To no one’s surprise, Japan and Russia were unable to reach agreement on a peace treaty during this week’s visit by Russian President Vladimir Putin. Even though Mr. Putin’s predecessor, Mr. Boris Yeltsin, agreed at a summit three years ago to conclude a treaty by the end of this year, the distance between the two countries has proven too wide to bridge. Progress has been made, however, and hopes for a treaty are not dead. Patience and continuing effort will yield an agreement, but it is unrealistic to expect one anytime soon.

The seeds of the dispute were sown in 1945, when Soviet troops seized four islands, known as the Northern Territories here and the Kuril Islands in Russia, just prior to the end of World War II. Although Japan and the Soviet Union restored diplomatic relations in 1956 — a move that ended the state of war that existed between them — a formal peace treaty has eluded them. The sticking point was the Northern Territories, the return of which Japan has demanded as a condition of any treaty.

There things remained until November 1997, when Mr. Yeltsin and then Prime Minister Ryutaro Hashimoto agreed at a summit in Krasnoyarsk to conclude a peace treaty by the end of 2000. That breakthrough created hopes that proved to be unsustainable. Mr. Yeltsin has since resigned, and Mr. Putin does not have the political will to push through a settlement in the face of powerful nationalist opposition at home to giving up territory. The recent accidents in Russia have only made the prospect of an agreement with Japan even more remote: Any deal, no matter how just, would look like a concession and yet more weakness on Mr. Putin’s part. That is unthinkable for a leader like Mr. Putin, who has made the strong-man image the touchstone of his political identity.

The failure to reach agreement before the deadline is unfortunate, but it is wrong to say that there has been no progress. In public statements, Mr. Putin conceded that there is a territorial problem, which is important. Previous Soviet and Russian governments had even denied that there was a territorial dispute. The president’s admission is a basis for future discussion, which both sides agreed to pursue.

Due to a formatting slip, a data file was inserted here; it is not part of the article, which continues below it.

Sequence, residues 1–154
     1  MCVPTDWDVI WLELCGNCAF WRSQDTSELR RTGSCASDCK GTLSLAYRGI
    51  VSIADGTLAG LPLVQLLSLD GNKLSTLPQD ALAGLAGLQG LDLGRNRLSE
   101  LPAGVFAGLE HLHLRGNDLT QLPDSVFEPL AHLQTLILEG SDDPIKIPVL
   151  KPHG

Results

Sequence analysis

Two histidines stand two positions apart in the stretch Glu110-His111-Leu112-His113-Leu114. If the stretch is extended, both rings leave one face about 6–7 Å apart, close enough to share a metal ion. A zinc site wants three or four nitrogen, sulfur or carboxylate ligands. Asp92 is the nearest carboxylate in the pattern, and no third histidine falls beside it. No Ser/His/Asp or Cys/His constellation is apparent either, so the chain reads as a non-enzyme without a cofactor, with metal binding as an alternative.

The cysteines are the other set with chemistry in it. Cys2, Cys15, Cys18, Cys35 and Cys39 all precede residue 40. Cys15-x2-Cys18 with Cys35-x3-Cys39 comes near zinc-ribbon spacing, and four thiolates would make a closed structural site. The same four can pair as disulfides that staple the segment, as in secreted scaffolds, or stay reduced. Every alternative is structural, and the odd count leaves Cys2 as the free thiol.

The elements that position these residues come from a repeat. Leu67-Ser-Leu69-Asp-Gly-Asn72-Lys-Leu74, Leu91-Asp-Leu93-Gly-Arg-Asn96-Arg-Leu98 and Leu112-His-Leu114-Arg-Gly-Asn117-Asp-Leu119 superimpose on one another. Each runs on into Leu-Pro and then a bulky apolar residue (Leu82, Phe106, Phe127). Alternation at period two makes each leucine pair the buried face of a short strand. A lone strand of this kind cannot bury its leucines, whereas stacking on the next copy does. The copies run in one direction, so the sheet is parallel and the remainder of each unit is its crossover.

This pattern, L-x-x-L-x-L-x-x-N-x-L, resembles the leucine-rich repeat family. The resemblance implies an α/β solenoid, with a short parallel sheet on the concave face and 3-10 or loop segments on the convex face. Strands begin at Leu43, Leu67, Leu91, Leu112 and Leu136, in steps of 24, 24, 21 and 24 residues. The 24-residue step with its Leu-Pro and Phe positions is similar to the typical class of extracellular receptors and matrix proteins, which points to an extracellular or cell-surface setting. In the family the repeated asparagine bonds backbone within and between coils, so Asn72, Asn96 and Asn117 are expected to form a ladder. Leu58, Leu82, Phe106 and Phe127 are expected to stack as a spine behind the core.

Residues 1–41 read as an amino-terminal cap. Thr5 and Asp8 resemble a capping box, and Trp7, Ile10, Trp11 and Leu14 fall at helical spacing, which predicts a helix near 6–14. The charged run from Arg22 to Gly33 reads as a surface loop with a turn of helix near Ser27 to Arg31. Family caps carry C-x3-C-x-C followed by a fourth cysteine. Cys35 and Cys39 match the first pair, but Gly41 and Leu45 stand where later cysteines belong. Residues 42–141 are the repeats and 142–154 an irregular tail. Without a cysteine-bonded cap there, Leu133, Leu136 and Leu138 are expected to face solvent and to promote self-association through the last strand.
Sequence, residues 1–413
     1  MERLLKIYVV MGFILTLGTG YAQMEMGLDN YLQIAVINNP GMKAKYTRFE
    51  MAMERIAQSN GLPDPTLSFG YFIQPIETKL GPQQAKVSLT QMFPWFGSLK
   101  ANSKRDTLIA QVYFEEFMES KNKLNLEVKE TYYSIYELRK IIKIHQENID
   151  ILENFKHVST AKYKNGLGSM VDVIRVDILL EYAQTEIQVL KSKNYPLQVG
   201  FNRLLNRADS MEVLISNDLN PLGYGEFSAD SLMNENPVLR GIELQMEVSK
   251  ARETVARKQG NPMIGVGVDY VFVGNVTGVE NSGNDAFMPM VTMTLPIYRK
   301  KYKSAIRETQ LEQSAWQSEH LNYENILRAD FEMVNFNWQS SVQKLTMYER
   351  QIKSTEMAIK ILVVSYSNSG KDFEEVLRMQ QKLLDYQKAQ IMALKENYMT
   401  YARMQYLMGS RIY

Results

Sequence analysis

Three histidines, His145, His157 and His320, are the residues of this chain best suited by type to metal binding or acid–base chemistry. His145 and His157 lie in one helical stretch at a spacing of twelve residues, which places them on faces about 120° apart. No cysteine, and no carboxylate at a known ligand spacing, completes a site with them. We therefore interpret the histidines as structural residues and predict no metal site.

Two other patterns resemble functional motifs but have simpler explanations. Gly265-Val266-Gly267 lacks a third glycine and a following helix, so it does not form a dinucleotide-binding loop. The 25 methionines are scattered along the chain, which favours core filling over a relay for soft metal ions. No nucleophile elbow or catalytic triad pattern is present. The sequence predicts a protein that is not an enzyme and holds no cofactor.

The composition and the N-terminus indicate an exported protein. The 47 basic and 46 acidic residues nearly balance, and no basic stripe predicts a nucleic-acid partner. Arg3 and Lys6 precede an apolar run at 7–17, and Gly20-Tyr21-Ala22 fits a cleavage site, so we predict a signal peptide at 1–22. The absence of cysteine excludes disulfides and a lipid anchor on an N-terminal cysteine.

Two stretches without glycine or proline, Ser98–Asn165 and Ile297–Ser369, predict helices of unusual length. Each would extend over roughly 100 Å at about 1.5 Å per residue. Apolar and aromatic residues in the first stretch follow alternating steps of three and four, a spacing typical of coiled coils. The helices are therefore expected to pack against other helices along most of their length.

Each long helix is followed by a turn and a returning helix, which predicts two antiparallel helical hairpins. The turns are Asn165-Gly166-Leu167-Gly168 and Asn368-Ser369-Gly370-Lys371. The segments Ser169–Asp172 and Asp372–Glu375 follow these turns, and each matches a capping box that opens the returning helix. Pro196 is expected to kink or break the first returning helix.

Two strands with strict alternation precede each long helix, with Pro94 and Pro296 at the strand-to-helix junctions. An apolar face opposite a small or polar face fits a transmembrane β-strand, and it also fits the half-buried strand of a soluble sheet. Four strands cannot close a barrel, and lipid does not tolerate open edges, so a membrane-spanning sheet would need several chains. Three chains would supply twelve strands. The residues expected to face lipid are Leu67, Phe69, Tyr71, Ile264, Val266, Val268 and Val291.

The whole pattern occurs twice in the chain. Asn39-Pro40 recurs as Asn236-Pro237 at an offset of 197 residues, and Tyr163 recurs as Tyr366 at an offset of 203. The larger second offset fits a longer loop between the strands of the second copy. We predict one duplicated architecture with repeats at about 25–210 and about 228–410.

That willingness to continue talks is another positive development. Mr. Putin’s invitation to Prime Minister Yoshiro Mori to visit Russia means that the pledge to continue talks is not an empty promise. Japanese leaders are no less bound by public opinion than are the occupants of the Kremlin. Progress on the peace treaty is necessary if any prime minister, and especially Mr. Mori, is to take up Mr. Putin’s offer to visit.

Fortunately for Mr. Mori, and whoever should succeed him, Mr. Putin is likely to remain in office for some time. That should facilitate talks. The Russian president’s health is good. And although he is new to office and something of an unknown quantity, he seems more consistent than Mr. Yeltsin. Japan will have a single, reliable interlocutor with whom it can build confidence and establish the relationship that is essential to any peace treaty. In this regard, Mr. Putin’s strongman image may be to Japan’s benefit. It makes rightwing accusations of selling out Russian interests much less plausible.

Ultimately, any peace treaty will depend on an agreement that serves both countries’ national interests. In short, there will be a tradeoff: economic assistance for territory. It is a tricky equation, since such aid is already part of the confidence-building process. The difficulties are compounded by the obstacles that all investors face in Russia. Their list of complaints is lengthy: corruption, organized crime, inadequate infrastructure and poor legal protections. During their meetings in Tokyo, Mr. Mori pressed Mr. Putin to remedy those problems, and Mr. Putin acknowledged the difficulties they present to foreign investors. But there is a dilemma, nevertheless. Investment is needed to help build good relations, but no investor can afford to throw money away.

Admitting that the 1997 Krasnoyarsk agreement was a “target” rather than a deadline is a bitter concession, no matter how realistic. When measured against the progress of the last 50 years, however, supporters of a peace agreement between Japan and Russia have reasons to take heart. The foundation of a deal is being laid. The two leaders signed 15 noncontroversial agreements on issues ranging from environmental protection to international cooperation in disposing of Russia’s nuclear stockpiles. Patience, creative diplomacy and considerable stamina will be required. None are beyond the capacity of this country’s negotiators and political leaders.

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